Bunhill: Unaccountable

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FAR be it from me to stereotype accountants as nerds, but I must admit to a faint curiosity as to what the top-scoring candidate in the profession's fiendishly difficult final exams can be like. You may be conjuring up a vision of thick-rimmed glasses, polyester flares, nylon shirt, rigid briefcase, a platoon of Biros in the top pocket, perhaps?

The results were out last weekend and David Feldman, a trainee with Stoy Hayward, beat 3,907 other candidates with the highest score. As a result he collects the Peat Prize. He also scooped the Quilter Prize for the best score in the Auditing II paper and the Whinney Prize for Financial Accounting II.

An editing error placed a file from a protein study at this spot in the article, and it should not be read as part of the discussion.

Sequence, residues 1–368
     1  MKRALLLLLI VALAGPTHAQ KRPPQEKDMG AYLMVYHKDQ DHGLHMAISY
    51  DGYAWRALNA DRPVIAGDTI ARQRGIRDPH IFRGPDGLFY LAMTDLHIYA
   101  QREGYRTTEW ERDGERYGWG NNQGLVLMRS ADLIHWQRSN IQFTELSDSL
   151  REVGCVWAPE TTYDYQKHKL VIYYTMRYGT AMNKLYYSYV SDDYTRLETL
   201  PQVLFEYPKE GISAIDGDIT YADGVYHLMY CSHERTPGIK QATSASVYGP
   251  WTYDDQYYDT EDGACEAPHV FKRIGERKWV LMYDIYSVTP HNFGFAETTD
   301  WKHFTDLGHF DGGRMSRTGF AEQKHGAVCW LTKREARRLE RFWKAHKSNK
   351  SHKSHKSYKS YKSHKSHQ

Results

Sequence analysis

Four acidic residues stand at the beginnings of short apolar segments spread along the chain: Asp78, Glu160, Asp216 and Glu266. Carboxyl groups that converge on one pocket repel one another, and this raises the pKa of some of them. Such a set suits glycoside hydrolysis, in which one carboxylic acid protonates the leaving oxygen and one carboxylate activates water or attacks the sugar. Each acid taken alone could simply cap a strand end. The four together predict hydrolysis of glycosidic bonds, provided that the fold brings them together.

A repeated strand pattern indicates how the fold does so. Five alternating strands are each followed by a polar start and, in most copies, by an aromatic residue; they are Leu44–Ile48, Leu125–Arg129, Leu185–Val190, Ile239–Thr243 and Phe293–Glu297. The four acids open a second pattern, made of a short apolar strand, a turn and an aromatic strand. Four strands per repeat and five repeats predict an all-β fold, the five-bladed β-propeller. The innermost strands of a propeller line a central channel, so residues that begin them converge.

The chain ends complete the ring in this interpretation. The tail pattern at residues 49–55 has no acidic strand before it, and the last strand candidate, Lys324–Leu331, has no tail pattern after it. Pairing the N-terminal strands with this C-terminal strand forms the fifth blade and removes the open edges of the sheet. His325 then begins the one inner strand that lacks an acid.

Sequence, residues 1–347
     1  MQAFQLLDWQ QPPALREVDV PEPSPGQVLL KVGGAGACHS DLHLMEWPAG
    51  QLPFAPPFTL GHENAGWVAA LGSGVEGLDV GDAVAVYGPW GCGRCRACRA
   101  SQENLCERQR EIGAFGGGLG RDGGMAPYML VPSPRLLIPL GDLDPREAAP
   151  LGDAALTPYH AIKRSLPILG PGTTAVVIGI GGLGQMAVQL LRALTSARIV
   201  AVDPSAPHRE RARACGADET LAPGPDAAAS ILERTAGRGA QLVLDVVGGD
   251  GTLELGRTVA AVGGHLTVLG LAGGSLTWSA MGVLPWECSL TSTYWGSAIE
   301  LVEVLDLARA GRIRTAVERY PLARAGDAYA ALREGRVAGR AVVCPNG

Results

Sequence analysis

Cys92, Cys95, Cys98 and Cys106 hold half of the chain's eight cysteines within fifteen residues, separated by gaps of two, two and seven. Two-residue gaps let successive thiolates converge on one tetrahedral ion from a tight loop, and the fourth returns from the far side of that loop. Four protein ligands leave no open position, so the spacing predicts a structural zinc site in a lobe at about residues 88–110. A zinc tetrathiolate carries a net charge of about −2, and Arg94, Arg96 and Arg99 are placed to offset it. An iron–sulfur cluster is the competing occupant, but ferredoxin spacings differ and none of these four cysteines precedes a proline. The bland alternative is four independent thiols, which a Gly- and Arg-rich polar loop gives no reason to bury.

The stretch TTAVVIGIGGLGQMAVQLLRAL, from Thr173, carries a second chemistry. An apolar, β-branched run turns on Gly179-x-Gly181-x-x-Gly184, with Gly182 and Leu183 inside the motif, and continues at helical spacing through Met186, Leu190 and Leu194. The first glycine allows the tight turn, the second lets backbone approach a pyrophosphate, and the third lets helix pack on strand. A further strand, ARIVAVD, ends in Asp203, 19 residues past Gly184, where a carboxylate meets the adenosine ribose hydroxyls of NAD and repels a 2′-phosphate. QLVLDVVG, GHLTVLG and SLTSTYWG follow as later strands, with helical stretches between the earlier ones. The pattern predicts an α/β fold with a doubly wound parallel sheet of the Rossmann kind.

Bunhill, eager on behalf of his readers to measure the nerdishness or otherwise of Feldman, rang him for an interview. He sounded rather an engaging, amiable chap, only too happy to meet. Alas, before we could do so, the Beancounters' Thought Police intervened.

The BTP, also known as the Institute of Chartered Accountants in England and Wales, forbade Feldman to tell me anything apart from his name, rank and serial number. Any further details would break the institute's rules on firms advertising, they said.

The institute - clearly the kind of organisation that would relish using Public Interest Immunity Certificates - refuses to bend the rules one iota. Phil Armitage, director of education and training, rejects my suggestion that the rules are potty, but admits the restriction needs to be looked at.

He won't even divulge the cash value of Feldman's prizes, explaining: 'I don't think we should prejudice his taxation position.' Surely the Institute couldn't be encouraging young Feldman to cheat on his tax?